Amid all of the stock market volatility in recent weeks an enormous amount of attention has been focused on the energy sector and the daily volatility in that group. And with the price of oil swinging wildly, that attention makes sense. But there is another sector that has been buffeted just as badly that seems to be flying below the radar of many investors despite some stupendous opportunities; the mining and construction equipment sector.
The fact is that construction is actually fairly robust at this point, and while the potential of the Fed raising interest rates in the future may weigh on the outlook for housing sales somewhat, the larger problem in the industry is a lack of housing supply rather than a Fed rate hike. The office construction market looks similarly robust. Despite this strength in commercial markets, however, makers of backhoes, bulldozers, excavators, and a variety of other types of construction equipment have all been hit by dizzying drops in the recent market turmoil. Related: Petrobras Scandal Reaches Far And Wide: Are Investors At Risk?
The outlook for mining is largely responsible. Worries over a lack of demand from China and the EU have crushed miners and equipment markets alike. This fall is coming despite optimism about a better 2016 from company executives. And certainly there are reasons to worry about the short-term in both China and the EU. Both economies seem mired in perennial problems revolving around economic growth and are showing an inability to come up with lasting durable solutions. At the same time though, the U.S. economic outlook is reasonably strong and the world’s biggest economy is continuing to grow at a rate roughly in-line with its long-term historical average.
That is the quandary for investors – how important are China and the EU to equipment makers relative to the U.S? The answer the markets are promoting right now is ‘very important’. Most mining equipment stocks are being priced as though they will never grow earnings again. High growth stories like Terex (TEX) are now sporting P/E ratios around 12X, while bellwethers like CAT and John Deere (DE) are trading around the same level. And specialty mining equipment maker Joy Global (JOY) is being priced like it’s one step from bankruptcy with a P/E ratio of less than 7X. Related: Oil Majors Sacrifice Production To Protect Dividends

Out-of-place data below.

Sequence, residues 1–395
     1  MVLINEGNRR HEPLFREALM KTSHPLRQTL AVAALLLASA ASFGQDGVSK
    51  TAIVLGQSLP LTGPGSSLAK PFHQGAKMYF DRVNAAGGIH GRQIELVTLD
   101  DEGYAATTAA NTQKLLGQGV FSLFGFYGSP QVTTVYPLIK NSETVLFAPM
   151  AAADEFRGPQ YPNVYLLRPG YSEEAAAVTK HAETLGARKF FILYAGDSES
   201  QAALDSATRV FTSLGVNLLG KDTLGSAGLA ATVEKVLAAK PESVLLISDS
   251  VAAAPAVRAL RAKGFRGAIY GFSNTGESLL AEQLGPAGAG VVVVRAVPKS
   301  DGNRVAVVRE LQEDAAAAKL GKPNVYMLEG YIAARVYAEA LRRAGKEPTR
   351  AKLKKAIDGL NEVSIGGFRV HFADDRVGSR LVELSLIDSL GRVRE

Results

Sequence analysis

From the point of view of a long-term investor, none of this makes sense. In the short term, European and Chinese demand may be lackluster, but it’s inconceivable that over the long-term there won’t continue to be a substantial and growing need for all sorts of heavy machinery to do everything from build houses and office buildings to mine coal, gold, and copper.
Analyst earnings predictions have certainly come down on all of these stocks, but even using forward EPS numbers, the stocks still look cheap. Take CAT for instance. Analysts are forecasting the company will earn around $4.75 a share for the full year 2016. Related: How Russia’s Oil Companies Are Defying Sanctions and Low Oil Prices
Nonetheless, even if analysts are correct, that still gives CAT a P/E ratio of around 15X 2016 numbers. The average P/E over time has been about 15X. Thus Caterpillar’s valuation right now only makes sense if an investor believes that not only is 2016 going to be worse than 2015, but that things will stay that bad indefinitely. If an investor thought Caterpillar’s earnings in the future would rebound, then the stock should warrant an above average P/E ratio for those future earnings.
The point is that investors are being irrational and short-sighted regarding heavy equipment stocks today. The reality is that the world has continually needed more and more capital equipment over time, and from growth stories like TEX to diversified giants like DE, the markets are pricing these firms as if they are businesses entering secular decline rather than companies experiencing a temporary demand shock associated with a normal economic slowdown. Long-term investors should sense an opportunity and behave accordingly.
By Michael McDonald of Oilprice.com
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